The studio created an innovative method of marking their items which allowed collectors to know exactly which artists physically created each individual piece. No other porcelain studio ever did this, before or since, as far as I know; it will be described in a future post.

During these decades, Connoisseur’s sculptures were given as gifts of state on both sides of the Atlantic. However, the studio was much less known in the USA, owing to its exclusive distribution. Most of the retailers who sold Boehm and Cybis did not carry Connoisseur. This was by design, because Connoisseur’s work was definitely more upscale in both quality and price. Their limited editions were also much smaller. For example, a Boehm price list from 1976 shows the majority of their limited editions ranged from 300 to 500 pieces per design. Most Cybis limited editions at that same time were issues of 500, with some at 350. In contrast, Connoisseur of Malvern edition sizes ranged from a low of 10 to a high of 500, with most being in double digits rather than triple. Their prices reflected this. The studio went from strength to strength during these two decades which many consider to have been the ‘golden age’ of art porcelain (or the ‘bubble years’, depending on how one looks at it.)


This was a decade of great change for the studio and the art porcelain market in general. Very few such operations survived unscathed (if at all), and Connoisseur was no exception. One extremely interesting development was their arrangement with Disney, their venerable artist Carl Barks, and a new venture launched by Ray Blackman of Brielle Galleries and Bruce Hamilton of the Hamilton Galleries auction house. That company was titled ‘Another Rainbow’ and I will relate the amazing tale of its outcome in a separate post. But Connoisseur of Malvern also produced Disney sculptures for sale at the Disneyana Conventions as well. Other partnerships included Ted Turner (of CNN and MGM fame) and Andrew Lloyd Weber.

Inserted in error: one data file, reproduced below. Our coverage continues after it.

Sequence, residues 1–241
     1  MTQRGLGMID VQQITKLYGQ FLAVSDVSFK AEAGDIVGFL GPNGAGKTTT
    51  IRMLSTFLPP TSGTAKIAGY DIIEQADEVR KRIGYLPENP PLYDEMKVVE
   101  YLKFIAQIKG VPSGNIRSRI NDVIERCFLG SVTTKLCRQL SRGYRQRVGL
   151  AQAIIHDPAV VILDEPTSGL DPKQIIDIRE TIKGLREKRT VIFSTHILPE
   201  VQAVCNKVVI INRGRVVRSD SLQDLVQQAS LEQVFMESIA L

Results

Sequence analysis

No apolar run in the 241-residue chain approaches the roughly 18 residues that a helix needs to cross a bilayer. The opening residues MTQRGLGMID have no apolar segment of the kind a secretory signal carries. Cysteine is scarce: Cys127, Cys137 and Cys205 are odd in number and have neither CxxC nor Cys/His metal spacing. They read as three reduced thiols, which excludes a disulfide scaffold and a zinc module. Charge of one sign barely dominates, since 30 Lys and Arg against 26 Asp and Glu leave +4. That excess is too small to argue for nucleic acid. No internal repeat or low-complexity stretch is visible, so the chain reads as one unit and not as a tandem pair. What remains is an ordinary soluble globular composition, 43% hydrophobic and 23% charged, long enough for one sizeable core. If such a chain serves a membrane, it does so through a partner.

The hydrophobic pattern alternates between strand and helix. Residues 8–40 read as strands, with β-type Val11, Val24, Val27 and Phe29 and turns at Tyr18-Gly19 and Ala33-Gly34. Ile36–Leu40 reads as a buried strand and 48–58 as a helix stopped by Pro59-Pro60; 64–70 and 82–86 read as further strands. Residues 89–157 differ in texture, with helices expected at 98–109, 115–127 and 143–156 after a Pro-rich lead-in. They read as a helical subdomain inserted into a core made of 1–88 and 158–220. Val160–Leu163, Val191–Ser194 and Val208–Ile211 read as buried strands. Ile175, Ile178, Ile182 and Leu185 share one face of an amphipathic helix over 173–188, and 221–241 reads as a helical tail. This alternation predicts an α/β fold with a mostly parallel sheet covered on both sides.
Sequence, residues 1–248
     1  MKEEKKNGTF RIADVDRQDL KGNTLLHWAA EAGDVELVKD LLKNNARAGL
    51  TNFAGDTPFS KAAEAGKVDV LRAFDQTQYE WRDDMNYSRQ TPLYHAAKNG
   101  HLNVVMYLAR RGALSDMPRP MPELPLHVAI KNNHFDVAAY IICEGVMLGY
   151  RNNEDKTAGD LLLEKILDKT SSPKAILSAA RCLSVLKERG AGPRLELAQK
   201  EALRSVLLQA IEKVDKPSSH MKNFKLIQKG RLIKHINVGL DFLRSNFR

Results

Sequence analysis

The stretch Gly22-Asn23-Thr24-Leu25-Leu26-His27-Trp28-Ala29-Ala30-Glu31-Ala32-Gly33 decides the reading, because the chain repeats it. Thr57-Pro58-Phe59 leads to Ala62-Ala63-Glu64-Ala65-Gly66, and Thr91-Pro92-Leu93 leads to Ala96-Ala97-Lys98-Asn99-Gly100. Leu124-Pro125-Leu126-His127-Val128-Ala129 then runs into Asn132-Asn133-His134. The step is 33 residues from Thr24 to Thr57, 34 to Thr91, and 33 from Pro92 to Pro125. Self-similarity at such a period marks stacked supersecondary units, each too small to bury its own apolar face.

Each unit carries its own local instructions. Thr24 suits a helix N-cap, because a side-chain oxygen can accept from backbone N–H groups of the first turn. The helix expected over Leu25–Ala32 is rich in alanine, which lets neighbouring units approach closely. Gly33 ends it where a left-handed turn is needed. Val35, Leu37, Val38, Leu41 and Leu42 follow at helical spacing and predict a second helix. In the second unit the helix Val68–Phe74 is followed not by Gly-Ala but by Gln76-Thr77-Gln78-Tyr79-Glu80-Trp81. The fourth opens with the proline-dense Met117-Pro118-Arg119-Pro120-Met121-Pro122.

The increasing turmoil in the art porcelain market was mirrored by personal turmoil in the Lewis household as well. Although the details of the rift are private, the upshot was that the studio and its assets were sold in 1995 to David Parker, who had formerly been a collector. Thus ended 15 years of operation under Connoisseur’s original ownership.

Some of the artists and designers stayed on, but the most notable exit was Diane Lewis who then had her private ‘bespoke’ line of sculptures under her own names: Diane Lewis Chance and/or D by D (Diane by Design.) These ranges will be profiled in their own Lost Porcelain Studios post. Freda Griffiths continued to paint for Diane in these ventures.

Unfortunately, Mr. Parker had no real-world experience in operating a porcelain studio. He moved the kilns, molds, and everything else from Ledbury to a business park location in Staunton. They operated a studio there until sometime in the first half of 1997 but were gone by August. There were a few new designs issued, included the Staunton Church Rose (shown) and Green Cathedral; it’s likely that most of these were created by Wendy Green, who had started at Connoisseur as a flower maker and rose to become one of their designers. There are differences in the backstamp which allow a purchaser – if they are aware of them! – to determine whether a Connoisseur piece was produced by the original studio or not. This will be covered in a later post.

After the Staunton location closed, the timeline gets temporarily murky. Parker re-sold the studio to an American businessman named Kenneth Reasoner, and by some indications this probably took place in May 1998. This was the third and final sale of the business.